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Why solar and wind power are ruinously expensive

South Africa faces an energy calamity on two fronts. First is the disaster of Eskom. Second, and potentially worse, is the disaster of our REIPPPP (Renewable Energy Independent Power Producers' Procurement Programme) and our lunatic IRP 2018 (Integrated Resource Plan). This is the mandatory plan laid down by the Department of Energy for our electricity supply until 2030. What it calls the "least cost" option is in fact the most expensive possible option: a mix of wind, solar and imported gas. If implemented, it would shut down the South African economy.
Andrew Kenny
A very similar plan was implemented in South Australia and shows us what to expect in the real world. Driven by green ideology, South Australia shut down coal stations, which had been providing cheap, reliable electricity, and built a lot of wind turbines and some solar power. Australia, unlike us, has an abundance of cheap gas. The result was soaring electricity prices to final customers and two total state black-outs. At one point in July 2016, the price of electricity reached $14/kWh (AU). This is R140/kWh. The IRP’s “least cost” option resulted in electricity prices at one point being over 150 times Eskom’s average selling price.

Inherently useless

Nature has made wind and solar inherently useless for grid electricity supply (although excellent off-grid). The sun doesn’t shine strongly most of the time and not at all when most needed, on winter evenings. The wind blows in an intermittent, erratic and unpredictable way. A kWh of solar electricity has low value, wind no value at all – or even negative value. In a free market for grid electricity, nobody would buy any wind or solar. They have to be forced to buy it. The state has to command the system operator (Eskom in our case) to buy their awful electricity.

This happened under REIPPPP. The state ordered Eskom to buy renewable energy in 20 year PPAs (power purchase agreements).

In its last annual report Eskom stated that its average selling price of electricity was 89 cents/kWh (kWh) and it was forced to pay 222 cents/kWh for renewable energy. But the key point is one, and one, which the Energy Minister, Jeff Radebe, doesn’t seem to understand. Is that 222 cents/kWh is the price Eskom has to pay, not the cost Eskom has to bear, which is much higher.

Here is the most important equation for renewable energy:

Cost of renewable energy = price of renewable energy + system cost

The system cost is the cost of incorporating the dilute, unpredictable, intermittent, violently fluctuating solar and wind power into the grid so that it doesn’t shut it down and continues to provide reliable electricity to customers all of the time, including most of the time when the wind doesn’t blow or the sun doesn’t shine. It requires stand-by generators, spinning reserve (generators running at below full power), generators having to ramp up and down and so using more fuel and taking more strain, extra transmission lines and a lot of extra capital. It is very expensive.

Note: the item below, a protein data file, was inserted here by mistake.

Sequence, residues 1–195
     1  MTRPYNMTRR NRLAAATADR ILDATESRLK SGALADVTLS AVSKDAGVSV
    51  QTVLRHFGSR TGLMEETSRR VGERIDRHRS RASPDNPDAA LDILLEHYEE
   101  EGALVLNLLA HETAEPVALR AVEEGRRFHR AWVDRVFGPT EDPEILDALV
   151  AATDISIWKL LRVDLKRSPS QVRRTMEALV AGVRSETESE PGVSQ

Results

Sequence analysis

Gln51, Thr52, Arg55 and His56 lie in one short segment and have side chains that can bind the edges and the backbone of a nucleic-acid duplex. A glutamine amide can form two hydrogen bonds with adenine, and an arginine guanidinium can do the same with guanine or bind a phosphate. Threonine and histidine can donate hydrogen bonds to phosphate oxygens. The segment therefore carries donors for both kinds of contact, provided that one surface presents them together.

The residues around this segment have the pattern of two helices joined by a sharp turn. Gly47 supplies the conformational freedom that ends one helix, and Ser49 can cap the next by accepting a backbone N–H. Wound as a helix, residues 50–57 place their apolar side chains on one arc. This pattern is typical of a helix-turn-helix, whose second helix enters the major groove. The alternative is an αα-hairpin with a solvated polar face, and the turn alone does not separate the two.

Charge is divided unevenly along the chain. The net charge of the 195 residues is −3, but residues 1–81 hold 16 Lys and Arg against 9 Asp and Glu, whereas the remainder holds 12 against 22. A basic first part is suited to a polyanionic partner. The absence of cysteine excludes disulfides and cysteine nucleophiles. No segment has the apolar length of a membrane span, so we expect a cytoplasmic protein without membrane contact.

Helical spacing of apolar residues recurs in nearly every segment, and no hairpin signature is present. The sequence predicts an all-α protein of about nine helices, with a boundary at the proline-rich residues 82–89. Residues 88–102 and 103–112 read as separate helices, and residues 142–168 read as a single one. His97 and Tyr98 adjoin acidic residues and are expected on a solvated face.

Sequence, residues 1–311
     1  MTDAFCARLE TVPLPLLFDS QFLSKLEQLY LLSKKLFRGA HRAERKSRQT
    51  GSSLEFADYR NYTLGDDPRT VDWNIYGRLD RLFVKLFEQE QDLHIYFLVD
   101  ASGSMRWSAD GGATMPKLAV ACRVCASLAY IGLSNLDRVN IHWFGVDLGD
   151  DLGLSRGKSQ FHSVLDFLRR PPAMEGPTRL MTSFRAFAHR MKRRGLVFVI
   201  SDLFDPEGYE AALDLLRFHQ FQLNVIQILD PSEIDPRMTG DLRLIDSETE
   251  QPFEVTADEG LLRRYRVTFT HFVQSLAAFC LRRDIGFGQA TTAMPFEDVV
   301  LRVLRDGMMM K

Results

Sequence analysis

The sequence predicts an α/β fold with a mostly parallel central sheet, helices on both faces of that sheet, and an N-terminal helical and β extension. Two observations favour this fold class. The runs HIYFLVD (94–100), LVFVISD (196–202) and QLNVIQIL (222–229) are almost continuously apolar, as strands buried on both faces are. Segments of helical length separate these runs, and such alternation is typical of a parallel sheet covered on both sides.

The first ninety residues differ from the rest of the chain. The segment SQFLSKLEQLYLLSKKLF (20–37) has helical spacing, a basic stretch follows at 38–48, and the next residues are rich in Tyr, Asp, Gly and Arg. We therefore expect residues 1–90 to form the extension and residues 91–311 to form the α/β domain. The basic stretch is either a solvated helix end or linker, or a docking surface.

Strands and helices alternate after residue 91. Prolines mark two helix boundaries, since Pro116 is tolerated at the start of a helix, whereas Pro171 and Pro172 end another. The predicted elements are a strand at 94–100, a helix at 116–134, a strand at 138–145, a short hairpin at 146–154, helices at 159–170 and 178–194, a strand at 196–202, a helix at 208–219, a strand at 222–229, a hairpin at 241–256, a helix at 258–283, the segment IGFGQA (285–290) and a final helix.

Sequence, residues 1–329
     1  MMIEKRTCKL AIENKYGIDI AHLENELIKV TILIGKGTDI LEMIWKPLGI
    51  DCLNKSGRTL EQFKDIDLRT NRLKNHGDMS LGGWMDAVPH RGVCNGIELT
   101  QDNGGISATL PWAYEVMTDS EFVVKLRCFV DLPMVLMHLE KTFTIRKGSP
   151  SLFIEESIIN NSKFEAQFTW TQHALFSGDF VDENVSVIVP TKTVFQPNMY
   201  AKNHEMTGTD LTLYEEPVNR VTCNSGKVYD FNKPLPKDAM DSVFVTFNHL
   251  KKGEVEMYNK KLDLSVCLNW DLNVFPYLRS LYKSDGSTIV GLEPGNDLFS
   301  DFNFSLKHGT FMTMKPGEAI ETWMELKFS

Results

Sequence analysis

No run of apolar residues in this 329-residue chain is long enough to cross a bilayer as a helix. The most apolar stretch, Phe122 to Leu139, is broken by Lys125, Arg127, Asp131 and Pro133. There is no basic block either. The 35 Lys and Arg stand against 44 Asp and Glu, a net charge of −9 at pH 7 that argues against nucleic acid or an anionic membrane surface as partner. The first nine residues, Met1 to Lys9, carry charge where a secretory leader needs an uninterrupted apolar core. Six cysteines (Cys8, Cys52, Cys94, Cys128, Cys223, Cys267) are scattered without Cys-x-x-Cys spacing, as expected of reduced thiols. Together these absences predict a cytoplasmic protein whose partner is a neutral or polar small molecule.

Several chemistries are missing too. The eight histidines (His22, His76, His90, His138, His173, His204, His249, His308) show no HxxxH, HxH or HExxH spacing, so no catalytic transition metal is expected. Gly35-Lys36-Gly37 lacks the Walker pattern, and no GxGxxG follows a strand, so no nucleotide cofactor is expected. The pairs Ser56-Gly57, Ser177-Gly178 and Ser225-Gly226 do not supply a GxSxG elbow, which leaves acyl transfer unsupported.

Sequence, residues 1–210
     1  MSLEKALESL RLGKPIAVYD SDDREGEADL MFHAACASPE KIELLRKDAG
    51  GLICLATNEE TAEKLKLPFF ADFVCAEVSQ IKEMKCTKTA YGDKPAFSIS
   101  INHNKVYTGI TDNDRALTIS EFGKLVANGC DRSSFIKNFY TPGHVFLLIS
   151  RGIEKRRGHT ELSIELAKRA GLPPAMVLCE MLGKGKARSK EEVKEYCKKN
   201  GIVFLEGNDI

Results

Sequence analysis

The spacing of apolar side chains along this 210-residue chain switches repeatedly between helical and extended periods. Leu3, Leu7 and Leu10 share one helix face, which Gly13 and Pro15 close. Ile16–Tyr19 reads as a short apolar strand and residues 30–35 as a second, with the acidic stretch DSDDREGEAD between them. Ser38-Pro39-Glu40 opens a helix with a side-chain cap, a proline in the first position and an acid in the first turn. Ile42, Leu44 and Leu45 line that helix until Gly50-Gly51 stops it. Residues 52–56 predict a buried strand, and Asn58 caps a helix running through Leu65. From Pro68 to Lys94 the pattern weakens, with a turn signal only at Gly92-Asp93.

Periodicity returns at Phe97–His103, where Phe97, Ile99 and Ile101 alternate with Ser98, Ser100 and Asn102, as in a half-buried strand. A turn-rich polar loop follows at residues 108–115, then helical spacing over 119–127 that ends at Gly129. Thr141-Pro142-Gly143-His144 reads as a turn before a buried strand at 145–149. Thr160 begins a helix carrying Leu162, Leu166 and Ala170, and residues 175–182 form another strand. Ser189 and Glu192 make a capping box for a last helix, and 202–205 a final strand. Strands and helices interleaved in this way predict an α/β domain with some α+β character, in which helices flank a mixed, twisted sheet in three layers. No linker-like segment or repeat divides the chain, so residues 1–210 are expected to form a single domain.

The renewable companies do not pay for this expense. We, the poor suckers who are forced to buy their electricity, have to do so. Radebe said recently that renewables are “cost neutral” for Eskom. Nonsense. Eskom gets an allowance for the extra price of renewable electricity but not for the huge system costs.

I estimate that the system costs for renewables in South Africa now are above 200 cents/kWh. This is based on the costs of the single renewable technology that does cover its system costs: concentrated solar power (CSP) with storage. If the price of wind or solar photovoltaics (converting sunlight directly into electricity) to Eskom were 20 cents/kWh, they would still be ruinously expensive.

The system costs explain an apparent paradox. Every day you hear politicians, the media and green activists telling us that the cost of renewables is coming down and is already cheaper than coal. This is nonsense. Yet, around the world you see the price of electricity to consumers going up as more renewables are added to the grid. This is happening in Germany, Denmark, the UK, Australia, and everywhere else where solar and wind are used on a big scale.

Money and ideology

Two things drive renewable energy: money and ideology. The renewable companies hope to make sacksful of money from the people of South Africa. The greens, often funded by these power companies, long to see our lovely landscape dominated by thousands of gigantic wind turbines and solar arrays, sending their electricity to customer hundreds of km away, all linked together in a vast, centrally controlled grid.

If the market could choose, our future electricity would be nuclear followed by coal, and perhaps gas or imported hydro in future. There would be no wind or solar on the grid.
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About the author

Andrew Kenny is an independent energy consultant with degrees in physics and mechanical engineering. During his 25 year career, he has consulted for amongst others, Eskom, and worked for seven years at the Energy Research Centre at UCT.
Geoffrey Brown
I think Andrew Kenny should get up to date in his thinking on renewables. In the UK they are now building solar + wind + storage PEAKING plants without subsidy. Compare this to the cost of electricity out of the proposed nuclear plant under construction there. And if you let the ANC build coal plants you end up with a disaster. And if you build gas turbine, at least make them combined cycle and always remember that you need a gas/oil supply contract to go with it, something that Eskom seem to forget!
Posted on 20 Mar 2019 09:15